Mitt Romney may be the frontrunner in the Republican race for a presidential candidate. But he's facing tough questions on the campaign trail about his successful venture capitalist career and his Mormon faith.
Tony Kimball has a succinct explanation for Mitt Romney's success on the Republican campaign trail. "He impressed people because he was competent," Kimball says.
The 72-year-old is sitting on one of several wooden chairs with rose-colored covers in the community room of the Mormon chapel in Belmont. The western Boston suburb was where Romney led Sunday School in the 1980s, first as bishop of his own congregation, and later as Boston "stake president."
The Republican presidential front-runner was just 30 years old and responsible for around a dozen Mormon communities around Boston, Kimball, who worked with Romney for a number of years, remembers. "Mitt was young when he was appointed 'stake president' but nobody complained because people respected him," Kimball says.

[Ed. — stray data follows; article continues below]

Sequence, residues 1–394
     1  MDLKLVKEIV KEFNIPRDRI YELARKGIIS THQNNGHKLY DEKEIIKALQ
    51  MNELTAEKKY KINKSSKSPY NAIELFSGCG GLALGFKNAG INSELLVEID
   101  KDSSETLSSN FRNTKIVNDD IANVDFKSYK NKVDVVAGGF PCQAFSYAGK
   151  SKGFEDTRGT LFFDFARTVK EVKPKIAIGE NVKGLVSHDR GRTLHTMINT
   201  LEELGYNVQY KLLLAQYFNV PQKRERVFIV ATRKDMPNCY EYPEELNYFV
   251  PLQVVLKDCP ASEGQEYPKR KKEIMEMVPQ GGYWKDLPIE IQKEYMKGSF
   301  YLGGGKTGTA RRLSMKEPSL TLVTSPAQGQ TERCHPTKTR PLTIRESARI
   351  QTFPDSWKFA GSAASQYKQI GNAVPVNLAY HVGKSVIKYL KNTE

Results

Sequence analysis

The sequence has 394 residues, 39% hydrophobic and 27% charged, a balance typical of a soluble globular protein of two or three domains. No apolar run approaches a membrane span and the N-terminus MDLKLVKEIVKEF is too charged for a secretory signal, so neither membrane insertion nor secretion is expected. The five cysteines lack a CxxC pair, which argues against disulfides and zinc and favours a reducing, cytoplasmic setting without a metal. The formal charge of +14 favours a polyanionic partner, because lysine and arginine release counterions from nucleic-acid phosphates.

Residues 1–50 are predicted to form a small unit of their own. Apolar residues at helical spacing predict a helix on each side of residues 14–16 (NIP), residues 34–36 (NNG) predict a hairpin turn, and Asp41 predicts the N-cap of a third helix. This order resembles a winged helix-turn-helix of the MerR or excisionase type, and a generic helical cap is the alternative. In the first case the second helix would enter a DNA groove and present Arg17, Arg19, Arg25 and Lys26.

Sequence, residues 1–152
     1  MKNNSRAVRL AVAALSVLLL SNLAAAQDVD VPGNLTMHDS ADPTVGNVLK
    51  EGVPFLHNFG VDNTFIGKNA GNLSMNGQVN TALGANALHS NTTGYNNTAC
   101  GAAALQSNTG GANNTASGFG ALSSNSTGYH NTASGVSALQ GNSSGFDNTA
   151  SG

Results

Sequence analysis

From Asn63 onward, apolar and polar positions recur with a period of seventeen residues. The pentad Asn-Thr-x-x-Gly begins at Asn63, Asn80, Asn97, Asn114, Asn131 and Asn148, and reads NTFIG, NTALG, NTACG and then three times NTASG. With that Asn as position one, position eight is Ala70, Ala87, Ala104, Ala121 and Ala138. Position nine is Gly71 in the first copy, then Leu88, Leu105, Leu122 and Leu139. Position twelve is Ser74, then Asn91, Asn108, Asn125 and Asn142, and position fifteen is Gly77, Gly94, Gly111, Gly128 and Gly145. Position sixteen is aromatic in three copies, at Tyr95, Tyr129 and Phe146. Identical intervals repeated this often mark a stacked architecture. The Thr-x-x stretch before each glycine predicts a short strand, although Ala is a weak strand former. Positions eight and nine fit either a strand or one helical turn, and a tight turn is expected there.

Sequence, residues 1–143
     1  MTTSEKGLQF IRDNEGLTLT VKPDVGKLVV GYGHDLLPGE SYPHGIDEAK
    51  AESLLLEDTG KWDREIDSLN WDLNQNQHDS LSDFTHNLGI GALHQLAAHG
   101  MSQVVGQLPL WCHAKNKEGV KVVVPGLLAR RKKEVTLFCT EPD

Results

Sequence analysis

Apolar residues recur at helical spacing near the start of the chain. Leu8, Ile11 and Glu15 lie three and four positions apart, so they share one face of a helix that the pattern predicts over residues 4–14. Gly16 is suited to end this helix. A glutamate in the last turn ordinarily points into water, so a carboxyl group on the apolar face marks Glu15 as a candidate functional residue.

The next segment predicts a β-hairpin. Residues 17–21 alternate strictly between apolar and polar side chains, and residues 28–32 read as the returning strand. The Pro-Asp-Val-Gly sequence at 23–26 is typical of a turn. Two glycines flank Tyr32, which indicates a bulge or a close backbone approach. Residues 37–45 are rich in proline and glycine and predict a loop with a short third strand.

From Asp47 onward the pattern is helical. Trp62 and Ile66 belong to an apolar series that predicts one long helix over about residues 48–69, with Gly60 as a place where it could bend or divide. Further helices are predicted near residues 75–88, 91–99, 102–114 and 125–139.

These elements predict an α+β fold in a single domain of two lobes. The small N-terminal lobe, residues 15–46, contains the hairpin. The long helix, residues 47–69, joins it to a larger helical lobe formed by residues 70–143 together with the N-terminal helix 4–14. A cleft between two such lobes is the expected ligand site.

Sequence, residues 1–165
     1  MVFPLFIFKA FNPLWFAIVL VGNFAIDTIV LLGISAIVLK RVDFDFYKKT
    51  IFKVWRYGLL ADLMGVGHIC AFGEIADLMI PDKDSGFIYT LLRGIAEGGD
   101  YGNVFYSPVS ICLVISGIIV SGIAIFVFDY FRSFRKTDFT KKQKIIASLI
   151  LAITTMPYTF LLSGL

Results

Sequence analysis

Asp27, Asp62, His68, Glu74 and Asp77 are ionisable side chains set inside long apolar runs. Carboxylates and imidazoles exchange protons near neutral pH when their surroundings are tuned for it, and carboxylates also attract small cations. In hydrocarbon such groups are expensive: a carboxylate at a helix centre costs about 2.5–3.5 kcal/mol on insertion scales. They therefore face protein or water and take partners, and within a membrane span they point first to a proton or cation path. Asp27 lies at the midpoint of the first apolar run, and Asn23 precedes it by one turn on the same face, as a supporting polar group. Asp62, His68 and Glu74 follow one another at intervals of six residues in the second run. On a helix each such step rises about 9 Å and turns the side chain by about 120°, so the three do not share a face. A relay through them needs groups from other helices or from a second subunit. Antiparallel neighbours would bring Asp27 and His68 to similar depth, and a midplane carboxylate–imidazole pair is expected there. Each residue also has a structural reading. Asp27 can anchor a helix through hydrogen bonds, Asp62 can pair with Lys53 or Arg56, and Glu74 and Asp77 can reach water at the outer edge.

The young, good-looking Romney was already on his way to becoming a successful businessman. He attended a joint program at the Harvard Business and Law Schools in Boston. His strengths and business acumen were already becoming evident.
Indefatigable corporate manager
Working hard was never a problem for Romney. "There was a time when we hardly saw him as 'stake president,'" Tony Kimball says. "He was busy saving Bain & Co and they met at times for 20 hours a day."